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Michigan universities won’t change sexual assault policies right away

Eastern Michigan University
Flickr - http://bit.ly/1rFrzRK
Eastern Michigan University

The Trump administration recently announced new guidance for how college campuses should handle sexual assault complaints. But Michigan universities won’t be changing their policies right away.

The Trump administration rescinded the Obama-era guidance on campus sexual assault last week.

The new guidance isn’t mandatory, and officials say it’s temporary until they come up with new rules.

Daniel Hurley is the CEO of the Michigan Association of State Universities. He said Michigan campuses will keep their current policies for now.

“While the university officials are looking at those rules, I don’t foresee any knee-jerk reactions,” Hurley said.

A part of the guidance lets schools use a higher standard of evidence when judging sexual assault accusations. Another allows schools to use mediation for an informal resolution of a sexual assault case.

Hurley said state universities have been trying to improve the culture of sexual assault on campus for years. He explained that when incidents occur, the schools want, “to make sure that both due process is involved as well as victims’ rights are adhered to at the highest level.”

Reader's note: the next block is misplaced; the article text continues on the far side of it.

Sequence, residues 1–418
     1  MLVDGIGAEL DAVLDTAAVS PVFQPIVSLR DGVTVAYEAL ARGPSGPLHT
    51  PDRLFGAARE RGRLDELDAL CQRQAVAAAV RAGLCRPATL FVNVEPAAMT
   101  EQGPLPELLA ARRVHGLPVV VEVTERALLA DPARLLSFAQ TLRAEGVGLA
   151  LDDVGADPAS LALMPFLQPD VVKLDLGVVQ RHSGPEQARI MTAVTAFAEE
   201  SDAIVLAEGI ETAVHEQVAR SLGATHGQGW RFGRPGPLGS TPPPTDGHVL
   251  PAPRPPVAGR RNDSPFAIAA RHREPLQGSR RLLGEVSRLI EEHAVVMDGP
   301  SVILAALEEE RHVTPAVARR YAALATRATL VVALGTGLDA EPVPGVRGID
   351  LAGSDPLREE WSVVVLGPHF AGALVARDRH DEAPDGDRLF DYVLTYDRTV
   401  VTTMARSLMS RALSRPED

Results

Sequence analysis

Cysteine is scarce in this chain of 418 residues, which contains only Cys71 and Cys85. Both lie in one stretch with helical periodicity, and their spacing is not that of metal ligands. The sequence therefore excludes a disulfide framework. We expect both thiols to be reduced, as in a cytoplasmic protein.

Hurley said a committee will meet and go through the new guidance section by section.

Education Secretary Betsy DeVos says she wants to strike a balance between the rights of victims and the accused.

For more information on the new guidance, see the Department of Education’s Q&A on Campus Sexual Misconduct.

Before becoming the newest Capitol reporter for the Michigan Public Radio Network, Cheyna Roth was an attorney. She spent her days fighting it out in court as an assistant prosecuting attorney for Ionia County. Eventually, Cheyna took her investigative and interview skills and moved on to journalism. She got her masters at Michigan State University and was a documentary filmmaker, podcaster, and freelance writer before finding her home with NPR. Very soon after joining MPRN, Cheyna started covering the 2016 presidential election, chasing after Donald Trump, Hillary Clinton, and all their surrogates as they duked it out for Michigan. Cheyna also focuses on the Legislature and criminal justice issues for MPRN. Cheyna is obsessively curious, a passionate storyteller, and an occasional backpacker. Follow her on Twitter at @Cheyna_R
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